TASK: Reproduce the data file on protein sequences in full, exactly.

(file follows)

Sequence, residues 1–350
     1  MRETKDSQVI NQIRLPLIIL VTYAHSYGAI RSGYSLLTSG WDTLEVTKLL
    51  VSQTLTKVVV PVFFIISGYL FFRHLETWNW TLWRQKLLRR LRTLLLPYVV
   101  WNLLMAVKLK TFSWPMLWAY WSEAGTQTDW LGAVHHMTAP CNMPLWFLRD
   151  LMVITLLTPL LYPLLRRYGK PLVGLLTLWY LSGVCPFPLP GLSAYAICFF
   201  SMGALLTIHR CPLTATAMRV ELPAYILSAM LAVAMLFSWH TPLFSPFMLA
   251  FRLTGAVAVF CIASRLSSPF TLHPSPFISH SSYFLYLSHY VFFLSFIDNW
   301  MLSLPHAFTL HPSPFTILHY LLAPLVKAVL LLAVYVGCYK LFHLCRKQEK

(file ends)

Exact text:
Sequence, residues 1–350
     1  MRETKDSQVI NQIRLPLIIL VTYAHSYGAI RSGYSLLTSG WDTLEVTKLL
    51  VSQTLTKVVV PVFFIISGYL FFRHLETWNW TLWRQKLLRR LRTLLLPYVV
   101  WNLLMAVKLK TFSWPMLWAY WSEAGTQTDW LGAVHHMTAP CNMPLWFLRD
   151  LMVITLLTPL LYPLLRRYGK PLVGLLTLWY LSGVCPFPLP GLSAYAICFF
   201  SMGALLTIHR CPLTATAMRV ELPAYILSAM LAVAMLFSWH TPLFSPFMLA
   251  FRLTGAVAVF CIASRLSSPF TLHPSPFISH SSYFLYLSHY VFFLSFIDNW
   301  MLSLPHAFTL HPSPFTILHY LLAPLVKAVL LLAVYVGCYK LFHLCRKQEK